For most bluegrass musicians, jamming is an essential part of life. Pickers get together once or twice a week and simply enjoy being able to play music with friends. However, some jammers take their casual love of bluegrass music a little farther. Just a few years ago, the members of Rockford Express, a new band out of Yadkinville, NC, were just a group of guys who met up to jam each week. With the recent release of their debut album, Straight for Bluegrass Hill, Rockford Express is set to begin making their name as a full-fledged band.
Rockford Express offers up eleven tracks, including three originals by guitarist Joey Hall and an interesting variety of classic tunes. With a nice modern traditional sound, following in the footsteps of such bands as IIIrd Tyme Out and Blue Highway, it’s apparent that Rockford Express knows their bluegrass.
Straight from Bluegrass Hill includes a number of older bluegrass songs which many fans of traditional bluegrass will be familiar with. Their driving, mid-tempo version of Little Maggie doesn’t have the haunting sound of the original Stanley Brothers recording, but is still filled with pain and lonesomeness and features some enjoyable instrumental solos. There’s also a version of Scotty Wiseman’s composition Brown Mountain Lights, a song which gives an explanation for the mysterious floating “ghost lights” which many have seen on Brown Mountain in North Carolina. This tune has an old-time feel and great high harmonies, and also features some fine fiddling from band member Rick Lowe.
Two of the album’s standout tracks are also older songs, one a popular public domain tune which has been recorded by many artists over the years and the other a slightly lesser-known Gospel song. Rockford Express provides a strong, banjo-heavy rendering of John Henry Blues and channels Doyle Lawson and Quicksilver for a spot-on performance of the original Quicksilver lineup’s On the Sea of Life, including nice four-part harmony.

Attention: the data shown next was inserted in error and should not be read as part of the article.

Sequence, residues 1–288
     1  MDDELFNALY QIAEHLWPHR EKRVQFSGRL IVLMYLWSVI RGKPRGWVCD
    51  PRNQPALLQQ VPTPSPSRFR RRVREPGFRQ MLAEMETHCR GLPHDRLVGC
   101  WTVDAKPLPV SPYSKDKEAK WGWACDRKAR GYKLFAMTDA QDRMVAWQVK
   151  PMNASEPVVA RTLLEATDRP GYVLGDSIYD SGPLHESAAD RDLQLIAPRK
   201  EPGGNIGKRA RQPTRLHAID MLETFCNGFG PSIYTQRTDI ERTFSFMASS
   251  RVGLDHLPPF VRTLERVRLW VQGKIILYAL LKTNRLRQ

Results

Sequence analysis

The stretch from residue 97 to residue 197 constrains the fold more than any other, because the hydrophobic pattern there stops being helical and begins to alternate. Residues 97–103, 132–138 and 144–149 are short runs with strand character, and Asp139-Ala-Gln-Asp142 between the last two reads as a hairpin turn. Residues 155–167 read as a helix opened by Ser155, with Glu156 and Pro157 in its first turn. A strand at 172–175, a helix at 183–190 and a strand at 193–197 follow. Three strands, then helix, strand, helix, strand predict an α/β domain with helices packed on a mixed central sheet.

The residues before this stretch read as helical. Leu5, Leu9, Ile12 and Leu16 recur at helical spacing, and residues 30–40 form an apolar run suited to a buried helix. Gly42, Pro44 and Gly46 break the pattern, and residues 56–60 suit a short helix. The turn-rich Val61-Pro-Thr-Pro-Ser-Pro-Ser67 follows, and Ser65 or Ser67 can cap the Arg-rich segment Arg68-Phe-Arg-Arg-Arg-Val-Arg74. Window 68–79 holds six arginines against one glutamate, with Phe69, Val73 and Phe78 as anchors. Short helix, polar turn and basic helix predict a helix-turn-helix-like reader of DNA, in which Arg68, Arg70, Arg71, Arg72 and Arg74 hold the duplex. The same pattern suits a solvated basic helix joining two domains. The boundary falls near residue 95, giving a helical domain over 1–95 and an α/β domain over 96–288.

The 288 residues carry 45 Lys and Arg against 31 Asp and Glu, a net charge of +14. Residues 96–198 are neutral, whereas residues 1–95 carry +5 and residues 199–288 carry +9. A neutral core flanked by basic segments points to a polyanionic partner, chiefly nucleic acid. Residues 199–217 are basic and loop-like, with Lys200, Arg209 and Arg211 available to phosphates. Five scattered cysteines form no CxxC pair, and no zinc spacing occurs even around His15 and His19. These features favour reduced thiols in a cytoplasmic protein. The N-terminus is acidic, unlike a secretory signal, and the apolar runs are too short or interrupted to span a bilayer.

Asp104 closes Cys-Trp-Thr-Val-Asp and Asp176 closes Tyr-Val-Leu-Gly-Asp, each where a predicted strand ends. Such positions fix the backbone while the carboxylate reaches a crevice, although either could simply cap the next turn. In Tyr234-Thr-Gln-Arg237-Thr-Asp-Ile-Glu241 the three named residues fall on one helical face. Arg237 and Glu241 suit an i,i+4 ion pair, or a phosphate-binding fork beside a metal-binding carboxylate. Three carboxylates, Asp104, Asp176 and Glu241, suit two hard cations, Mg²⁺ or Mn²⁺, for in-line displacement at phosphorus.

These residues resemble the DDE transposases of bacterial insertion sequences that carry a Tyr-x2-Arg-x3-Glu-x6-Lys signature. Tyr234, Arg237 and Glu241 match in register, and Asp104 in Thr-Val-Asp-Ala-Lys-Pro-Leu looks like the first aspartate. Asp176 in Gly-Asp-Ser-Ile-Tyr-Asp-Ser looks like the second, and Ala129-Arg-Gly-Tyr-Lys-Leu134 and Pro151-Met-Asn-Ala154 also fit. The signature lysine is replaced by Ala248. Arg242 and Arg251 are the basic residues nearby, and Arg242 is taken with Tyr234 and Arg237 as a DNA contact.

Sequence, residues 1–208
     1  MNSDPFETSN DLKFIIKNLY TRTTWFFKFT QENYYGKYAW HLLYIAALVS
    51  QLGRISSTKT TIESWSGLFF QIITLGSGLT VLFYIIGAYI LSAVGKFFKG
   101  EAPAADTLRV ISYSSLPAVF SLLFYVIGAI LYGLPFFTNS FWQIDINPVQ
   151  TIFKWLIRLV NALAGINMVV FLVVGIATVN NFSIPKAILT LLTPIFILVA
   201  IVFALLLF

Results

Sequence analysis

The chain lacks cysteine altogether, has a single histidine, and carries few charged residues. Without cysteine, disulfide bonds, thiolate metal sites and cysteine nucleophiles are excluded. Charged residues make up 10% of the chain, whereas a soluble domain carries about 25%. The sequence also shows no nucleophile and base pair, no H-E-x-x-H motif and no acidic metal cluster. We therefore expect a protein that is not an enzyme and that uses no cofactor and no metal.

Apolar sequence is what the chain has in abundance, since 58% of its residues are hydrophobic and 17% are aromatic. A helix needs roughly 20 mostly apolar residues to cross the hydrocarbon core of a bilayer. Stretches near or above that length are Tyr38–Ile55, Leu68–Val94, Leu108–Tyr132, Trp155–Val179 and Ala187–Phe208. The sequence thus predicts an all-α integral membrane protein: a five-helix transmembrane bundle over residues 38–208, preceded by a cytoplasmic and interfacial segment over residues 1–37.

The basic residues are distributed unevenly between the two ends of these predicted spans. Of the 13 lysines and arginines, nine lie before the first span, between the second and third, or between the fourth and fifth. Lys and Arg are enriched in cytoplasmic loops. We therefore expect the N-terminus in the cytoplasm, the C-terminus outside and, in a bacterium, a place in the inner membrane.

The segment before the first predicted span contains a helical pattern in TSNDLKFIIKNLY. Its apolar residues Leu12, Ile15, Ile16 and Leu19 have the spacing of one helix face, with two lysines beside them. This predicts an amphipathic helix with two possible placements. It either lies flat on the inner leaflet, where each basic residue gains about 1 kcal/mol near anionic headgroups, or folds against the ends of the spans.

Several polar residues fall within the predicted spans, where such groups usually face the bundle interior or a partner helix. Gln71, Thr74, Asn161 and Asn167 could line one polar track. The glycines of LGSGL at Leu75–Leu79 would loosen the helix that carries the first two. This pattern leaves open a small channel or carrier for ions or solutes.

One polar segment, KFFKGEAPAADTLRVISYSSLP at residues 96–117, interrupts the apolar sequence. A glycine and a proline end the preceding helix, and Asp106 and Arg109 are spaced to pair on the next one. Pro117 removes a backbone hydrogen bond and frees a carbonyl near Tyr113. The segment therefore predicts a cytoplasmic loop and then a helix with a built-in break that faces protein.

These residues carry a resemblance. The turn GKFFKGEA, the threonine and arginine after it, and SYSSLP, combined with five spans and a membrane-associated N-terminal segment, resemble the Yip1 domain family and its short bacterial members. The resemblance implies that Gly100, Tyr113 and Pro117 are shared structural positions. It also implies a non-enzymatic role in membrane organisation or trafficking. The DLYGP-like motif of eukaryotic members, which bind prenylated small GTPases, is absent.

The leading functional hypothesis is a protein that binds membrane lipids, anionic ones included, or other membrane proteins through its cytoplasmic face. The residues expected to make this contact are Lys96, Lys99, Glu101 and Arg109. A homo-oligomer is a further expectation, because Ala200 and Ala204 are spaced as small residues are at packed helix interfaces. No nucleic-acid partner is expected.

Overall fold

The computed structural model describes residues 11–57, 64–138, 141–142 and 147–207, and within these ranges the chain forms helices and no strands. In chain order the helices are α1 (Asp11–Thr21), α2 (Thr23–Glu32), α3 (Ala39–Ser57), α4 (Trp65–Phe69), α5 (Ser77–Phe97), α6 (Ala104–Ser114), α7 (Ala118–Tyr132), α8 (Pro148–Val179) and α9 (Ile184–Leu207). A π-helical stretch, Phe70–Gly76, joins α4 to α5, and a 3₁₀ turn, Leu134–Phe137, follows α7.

That isn’t the only Gospel track included on the album. In fact, Rockford Express features five Gospel songs total, including the album’s three original songs (album opener On Your Way, Drivin’ Nails, and The River) which are solid bluegrass with a Gospel message. Drivin’ Nails makes a nice connection between the popular bluegrass theme of hard work with a hammer and nails and the hammer that nailed Jesus to the cross. A stripped-down version of the hymn Precious Lord is sung with feeling and is another nice addition to the record.
With their debut album, Rockford Express proves they know the meaning of “drive.” Each of the musicians (Joey Hall on guitar, Andy Lowe on banjo, Randy Willard on mandolin, Tim Parks on bass, and Rick Lowe on fiddle) seems to give their all and enjoy every minute of it. Fans of traditional bluegrass will surely enjoy this new North Carolina band.
For more information on Rockford Express, check out their Facebook page at www.facebook.com/RockfordExpress.
About the Author (Author Profile)
John Goad is a graduate of the East Tennessee State University Bluegrass, Old Time & Country Music program, and is now pursuing a Masters degree in Appalachian Studies at ETSU.
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